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Re: where do NEW packages go?



On Sat, May 18, 2002 at 09:17:06PM -0500, Adam Heath wrote:
> On Sun, 19 May 2002, Jeroen Dekkers wrote:
> 
> > Sometimes they give some useless "Think about me/us" mail when somebody
> > has some critic. But technically they always manage to reamin totally
> > obscure. It's just that we need to think about them but are not
> > allowed to help them. It would work better if it was the other way
> > around. :)
> 
> Those who know how to do it know how to do several things.  They are part of
> several groups(ftp-master, owner@bugs, buildd, security, nm).  Only those that
> are in the know, and have proven they are trustworthy, have been able to fill
> these roles.

Joined the cabal, you mean? You probably see it different because you
are part of some groups, but this is how I see it. You still didn't
manage to show it's different. It would be nice if reality was different...
 
> The software these groups use is all available for everyone to see, so others
> can figure out how it works, if they are willing.  However, what generally
> happens is that some outside group sees something not occuring to their
> liking, and then the following happens:
> 
> s = statement, a = answer
> 
> s: foo is broken, let's fix it.
>  a: no it's not, it works fine.
> s: yes it is
>  a: <no answer, silence>
> time passes
> s: I can help, how do I help?
>  a: <silence>  -- this happens because those doing the work are too busy to
>     spoon feed everyone, and some have been burned in the past doing just
>     this.
>  a: Look <here>, <there>, and <the other place>, and learn how it works.
> s: <suddnely no more offers of help>

Read the mail from Marcus to Manoj how it really goes. I know about 3
cases that it happened like Marcus described: arch handling, bts arch
tags and apt-i18n. I guess there are more where I don't know about.

> > But what has the whole release process to do with an unreleased architecture?
> 
> Debian is a whole group.  Please stop trying to fragment it.

Is this your only argument? So we have to stop developping because
some other part is in a freeze for a few months? This is ridiculous.

> > > Debian is Debian is Debian.  If Debian is ported to Linux, then Linux must be
> > > modified to fit the Debian OS.  Same for the Debian port to hurd.
> >
> > GNU is GNU. Debian is just a distribution. If you want to have the
> > GNU/Hurd OS in Debian, you need to change Debian to make that
> > possible. The GNU OS isn't the same as GNU/Linux. If it was, it
> > wouldn't be called different.
> 
> No, you don't change the whole to make the part fit it.  You change the part
> to fit in with the whole.
> 
> Someone here has backwards thinking.

Someone thinks adding an OS in Debian is the same as adding the 25th editor.
 
> > > And you couldn't have done it at a worse time.  CIM, real freeze, release.
> > > All have been going on.  If you do not know that, then you really are living
> > > in your own world, isolated from the rest of society by your own accord.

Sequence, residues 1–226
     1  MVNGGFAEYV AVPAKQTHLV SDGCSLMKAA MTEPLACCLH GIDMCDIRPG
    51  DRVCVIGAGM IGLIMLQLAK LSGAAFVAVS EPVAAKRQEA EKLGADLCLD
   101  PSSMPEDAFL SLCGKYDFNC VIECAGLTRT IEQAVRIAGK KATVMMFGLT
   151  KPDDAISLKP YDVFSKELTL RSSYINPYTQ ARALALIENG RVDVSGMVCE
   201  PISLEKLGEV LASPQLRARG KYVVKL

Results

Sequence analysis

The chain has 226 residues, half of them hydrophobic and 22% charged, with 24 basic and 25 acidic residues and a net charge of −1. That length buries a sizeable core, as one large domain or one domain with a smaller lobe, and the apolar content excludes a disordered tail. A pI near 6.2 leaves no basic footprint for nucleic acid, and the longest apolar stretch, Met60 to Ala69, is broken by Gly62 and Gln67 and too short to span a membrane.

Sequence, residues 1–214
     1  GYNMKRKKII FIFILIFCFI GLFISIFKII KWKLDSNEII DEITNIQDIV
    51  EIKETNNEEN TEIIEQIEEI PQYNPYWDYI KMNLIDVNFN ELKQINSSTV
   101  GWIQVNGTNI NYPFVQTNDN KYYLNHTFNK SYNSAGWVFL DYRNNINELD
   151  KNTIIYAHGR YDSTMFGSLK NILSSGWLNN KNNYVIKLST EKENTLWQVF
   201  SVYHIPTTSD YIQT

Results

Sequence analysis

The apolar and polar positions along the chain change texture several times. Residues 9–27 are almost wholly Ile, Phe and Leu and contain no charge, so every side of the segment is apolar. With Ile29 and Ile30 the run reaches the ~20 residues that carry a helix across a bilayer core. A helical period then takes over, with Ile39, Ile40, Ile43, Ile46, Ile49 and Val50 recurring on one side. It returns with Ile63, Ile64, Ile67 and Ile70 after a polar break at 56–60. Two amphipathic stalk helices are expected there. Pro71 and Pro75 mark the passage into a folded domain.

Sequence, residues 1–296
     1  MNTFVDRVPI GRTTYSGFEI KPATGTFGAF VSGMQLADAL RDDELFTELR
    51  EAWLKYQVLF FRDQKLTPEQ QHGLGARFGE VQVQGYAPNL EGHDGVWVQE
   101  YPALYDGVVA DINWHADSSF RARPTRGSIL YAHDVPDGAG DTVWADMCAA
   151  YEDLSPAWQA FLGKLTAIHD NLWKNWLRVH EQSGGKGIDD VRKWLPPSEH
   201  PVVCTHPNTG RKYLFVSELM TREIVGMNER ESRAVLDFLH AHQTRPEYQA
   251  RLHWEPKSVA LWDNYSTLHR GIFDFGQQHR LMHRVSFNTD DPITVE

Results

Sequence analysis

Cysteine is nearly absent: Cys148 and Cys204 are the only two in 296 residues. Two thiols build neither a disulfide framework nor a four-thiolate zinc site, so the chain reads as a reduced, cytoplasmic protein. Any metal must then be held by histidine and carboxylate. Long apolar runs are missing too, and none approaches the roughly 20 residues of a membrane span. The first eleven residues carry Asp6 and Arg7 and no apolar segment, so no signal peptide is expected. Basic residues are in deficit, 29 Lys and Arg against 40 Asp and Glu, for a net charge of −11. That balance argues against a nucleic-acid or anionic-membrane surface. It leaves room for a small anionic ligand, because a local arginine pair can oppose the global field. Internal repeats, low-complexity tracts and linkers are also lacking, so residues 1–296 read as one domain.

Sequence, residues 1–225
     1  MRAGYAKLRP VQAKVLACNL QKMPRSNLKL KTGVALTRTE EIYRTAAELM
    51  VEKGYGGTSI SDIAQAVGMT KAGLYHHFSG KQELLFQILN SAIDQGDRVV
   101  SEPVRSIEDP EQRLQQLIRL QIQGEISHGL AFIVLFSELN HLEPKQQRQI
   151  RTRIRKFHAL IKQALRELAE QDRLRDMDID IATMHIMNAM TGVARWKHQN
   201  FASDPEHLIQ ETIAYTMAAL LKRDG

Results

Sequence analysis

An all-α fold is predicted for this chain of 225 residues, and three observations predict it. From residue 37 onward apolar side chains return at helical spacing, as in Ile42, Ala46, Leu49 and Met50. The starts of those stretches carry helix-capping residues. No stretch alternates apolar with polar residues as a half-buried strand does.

> >
> > It's not that Marcus didn't told me about what happened the years
> > before the real freeze. It wasn't a very long story BTW, because not
> > much actually happened.
> 
> What does this have to do with what I said?

You claim it's at a worse time. I say that this is already going on
for 3 years.

> > Oh, some I don't get respect because I haven't changed Debian? But I
> > can't change Debian because I'm not allowed to because I haven't
> > earned respect yet. And because I haven't earned respect I'm not
> > allowed to critize. Is that what you mean? Then I choose for the
> > status quo of not wanting to join an orginazation which works that
> > way.
> 
> You'll find this is always the case everywhere.  You have to earn the respect
> of your peers, both in software, the business world, and even with your
> friends, before you are allowed to intrude on their world.

No. At least when I came to the Hurd, they treated me as their
equal. As someone who could improve their software. From the first
day, they treated me with respect. Even when I have a totally
different opinion or say something really stupid, they still get
respect.

A few months ago somebody mailed to debian-hurd with a problem with
windows. He was treated with respect and somebody pointed him to the
microsoft website and somebody else said something humorous. We, Hurd
developers, who think non-free software is immoral, even treated
somebody who wrote to the wrong mailinglist about a problem using
non-free software with respect.

When I came to Debian, I wanted to fix the problems of the Hurd
port. I subscribed to debian-devel, lurked for a while and then gave
my opinion about some subjects. I immediately got flamed about
that. And then everytime I wanted to start a discussion about
something, I got treated like a fool, because I'm having a different
opinion. And I still am treated like that.

Do you see the difference between the Hurd community and the Debian
community?

> This is all common sense, which it appears that you are severly lacking.

If you continue with personal attacks, I'll start with it too.

Jeroen Dekkers
-- 
Jabber ID: jdekkers@jabber.org  IRC ID: jeroen@openprojects
GNU supporter - http://www.gnu.org

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